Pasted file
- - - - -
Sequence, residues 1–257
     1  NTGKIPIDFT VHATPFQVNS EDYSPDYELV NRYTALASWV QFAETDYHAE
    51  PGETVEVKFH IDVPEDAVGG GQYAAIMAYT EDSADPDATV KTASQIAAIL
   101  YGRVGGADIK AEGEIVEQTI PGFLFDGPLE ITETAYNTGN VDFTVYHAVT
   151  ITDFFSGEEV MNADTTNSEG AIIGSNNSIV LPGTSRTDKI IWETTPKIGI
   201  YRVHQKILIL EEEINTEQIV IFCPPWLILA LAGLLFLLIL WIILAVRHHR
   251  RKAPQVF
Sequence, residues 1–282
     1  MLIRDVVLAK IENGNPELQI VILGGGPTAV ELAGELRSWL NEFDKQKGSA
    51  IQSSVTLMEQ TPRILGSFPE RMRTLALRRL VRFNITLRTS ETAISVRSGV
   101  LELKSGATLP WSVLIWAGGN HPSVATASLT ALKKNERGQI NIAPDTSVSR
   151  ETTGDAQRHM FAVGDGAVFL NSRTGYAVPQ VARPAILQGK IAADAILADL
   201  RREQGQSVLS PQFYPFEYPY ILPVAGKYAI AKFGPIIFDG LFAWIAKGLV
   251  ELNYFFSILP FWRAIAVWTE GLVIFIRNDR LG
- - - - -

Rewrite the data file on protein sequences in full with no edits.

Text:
Sequence, residues 1–257
     1  NTGKIPIDFT VHATPFQVNS EDYSPDYELV NRYTALASWV QFAETDYHAE
    51  PGETVEVKFH IDVPEDAVGG GQYAAIMAYT EDSADPDATV KTASQIAAIL
   101  YGRVGGADIK AEGEIVEQTI PGFLFDGPLE ITETAYNTGN VDFTVYHAVT
   151  ITDFFSGEEV MNADTTNSEG AIIGSNNSIV LPGTSRTDKI IWETTPKIGI
   201  YRVHQKILIL EEEINTEQIV IFCPPWLILA LAGLLFLLIL WIILAVRHHR
   251  RKAPQVF
Sequence, residues 1–282
     1  MLIRDVVLAK IENGNPELQI VILGGGPTAV ELAGELRSWL NEFDKQKGSA
    51  IQSSVTLMEQ TPRILGSFPE RMRTLALRRL VRFNITLRTS ETAISVRSGV
   101  LELKSGATLP WSVLIWAGGN HPSVATASLT ALKKNERGQI NIAPDTSVSR
   151  ETTGDAQRHM FAVGDGAVFL NSRTGYAVPQ VARPAILQGK IAADAILADL
   201  RREQGQSVLS PQFYPFEYPY ILPVAGKYAI AKFGPIIFDG LFAWIAKGLV
   251  ELNYFFSILP FWRAIAVWTE GLVIFIRNDR LG